After the bypass, I had a marked decrease in my short term memory and other more subtle changes in cognition. This has slowly improved over time, but I still believe I have a slight challenge with my memory and occasionally have difficulty finding the words I want to use, blurting out a word entirely different from the one in my mind. While all this could be related to my clogged up arteries (the ultrasound of my carotids last year was “normal”),  perhaps it is still overwhelm like the overwhelm I experienced those first few months.

Lee and I had a lengthy discussion about this last night after we came home. She, too has a chronic illness and spent several years completely disabled and at least a year in a very critical condition. She still experiences pain every day and has to be very careful of her stress level, not allowing herself to get overtired. After the bypass, I was physically, emotionally and mentally overwhelmed. It took every bit of energy and strength I had to stay alive. I realized then that part of the mental overwhelm that I found so upsetting was due to the intense effort it took to survive. Nothing was normal. Every little task took planning and so much more work and effort than before. Modifications had to be made to everything I did. I was also terrified of dropping dead. Every moment, every action, every encounter, every thing was shadowed and even covered by my physical condition.

As I’ve felt better and learned what I can and cannot do without harming myself, I’ve assumed that the emotional, physical and mental aspects of my life had once more assumed their more separate states, not so all wrapped up in my physical condition and not so controlled by it. As we talked last night though,I realized that how I feel and how my body behaves and responds continues to flavor it all. Just as I have learned what I can and cannot do physically, I am just beginning now to learn what I can and cannot do mentally and emotionally.

Early on, I compared my available energy to having energy chips. I had so many available each day and between times of rest. After the big heart events, I had far less available. Also, where before it might have only taken 1 energy chip to shower in the morning, it now took 19 chips of the available 20. It takes only 10 now and I can get dressed and put on my makeup before I need to rest. It hadn’t occurred to me that I need those chips to have a conversation, post on this blog, pay attention or even think about things.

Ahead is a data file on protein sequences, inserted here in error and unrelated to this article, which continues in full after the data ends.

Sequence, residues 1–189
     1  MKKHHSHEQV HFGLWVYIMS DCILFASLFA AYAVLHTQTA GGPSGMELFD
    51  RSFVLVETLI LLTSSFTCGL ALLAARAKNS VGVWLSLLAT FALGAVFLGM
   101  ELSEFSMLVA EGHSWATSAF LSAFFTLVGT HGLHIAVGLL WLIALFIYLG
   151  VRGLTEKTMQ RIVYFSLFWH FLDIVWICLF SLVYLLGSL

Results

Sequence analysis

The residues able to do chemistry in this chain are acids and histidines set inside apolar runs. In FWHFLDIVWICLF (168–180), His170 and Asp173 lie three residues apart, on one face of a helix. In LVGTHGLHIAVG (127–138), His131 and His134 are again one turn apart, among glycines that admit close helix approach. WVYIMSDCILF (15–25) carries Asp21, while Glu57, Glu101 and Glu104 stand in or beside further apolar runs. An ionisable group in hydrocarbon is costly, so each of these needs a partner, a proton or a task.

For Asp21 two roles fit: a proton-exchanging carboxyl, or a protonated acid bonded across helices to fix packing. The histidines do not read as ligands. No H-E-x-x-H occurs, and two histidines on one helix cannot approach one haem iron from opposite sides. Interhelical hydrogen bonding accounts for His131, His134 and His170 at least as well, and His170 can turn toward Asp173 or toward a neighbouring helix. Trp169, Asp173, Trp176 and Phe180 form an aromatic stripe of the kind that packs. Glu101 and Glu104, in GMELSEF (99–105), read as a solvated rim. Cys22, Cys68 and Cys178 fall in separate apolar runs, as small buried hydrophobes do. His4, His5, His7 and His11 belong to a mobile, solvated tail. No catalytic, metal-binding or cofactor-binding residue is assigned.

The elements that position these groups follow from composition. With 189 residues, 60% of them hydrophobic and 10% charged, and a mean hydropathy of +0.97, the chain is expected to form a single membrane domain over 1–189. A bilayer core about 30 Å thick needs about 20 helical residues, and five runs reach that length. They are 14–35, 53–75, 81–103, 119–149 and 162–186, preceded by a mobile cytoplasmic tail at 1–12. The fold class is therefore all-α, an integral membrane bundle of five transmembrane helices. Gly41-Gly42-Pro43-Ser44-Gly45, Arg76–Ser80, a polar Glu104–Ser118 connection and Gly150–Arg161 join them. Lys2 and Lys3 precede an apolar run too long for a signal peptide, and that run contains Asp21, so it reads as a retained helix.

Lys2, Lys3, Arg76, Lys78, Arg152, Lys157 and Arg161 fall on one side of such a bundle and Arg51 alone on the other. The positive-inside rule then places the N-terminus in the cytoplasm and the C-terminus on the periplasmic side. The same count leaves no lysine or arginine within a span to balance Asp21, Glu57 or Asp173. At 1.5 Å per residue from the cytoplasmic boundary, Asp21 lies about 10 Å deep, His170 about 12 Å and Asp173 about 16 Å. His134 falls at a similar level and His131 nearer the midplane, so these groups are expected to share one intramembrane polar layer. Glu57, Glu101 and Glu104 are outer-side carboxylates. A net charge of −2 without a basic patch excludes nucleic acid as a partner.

When I try to carry on a conversation with someone and I don’t have enough chips left, I forget  more. When I try to pay attention but I’m overtired or hurting (and I am always hurting at least a little), again, I am likely to forget at least part of the conversation or event. Conscious or unconscious awareness of that pain, of my body, or my depleted physical state, takes my attention whether I want it to or not. It also takes even more of my energy. Multitasking, something I was so horrible good at before is now impossible. If I try, I miss things. I forget things.

This was difficult to realize. I’ve have let go so much from my life wanting to use the energy and time I have only on the things and people who matter most to me. After coming so close to death, there is nothing I want more than to be fully present with my loved ones. I want to savor, relish, bask in every drop of love I can squeeze from my life and my living. To realize I have not been fully present and have allowed my attention to wander, for whatever reason, is painful to admit.

Perhaps this should have been obvious to me all along. Maybe this habit of dissociation from my body helps explain how I could have been walking around and working 60 hours a week with three blocked coronary arteries and blocked iliac arteries to begin with. And, perhaps I do have permanent cognitive changes from the surgery or new blockages in my carotid arteries. Either way, I’m reminded to be kind to myself; to give myself a break and to stay on this eating plan. My family deserves my full attention. I do, too. If I pay better attention to myself, I can pay better attention to them.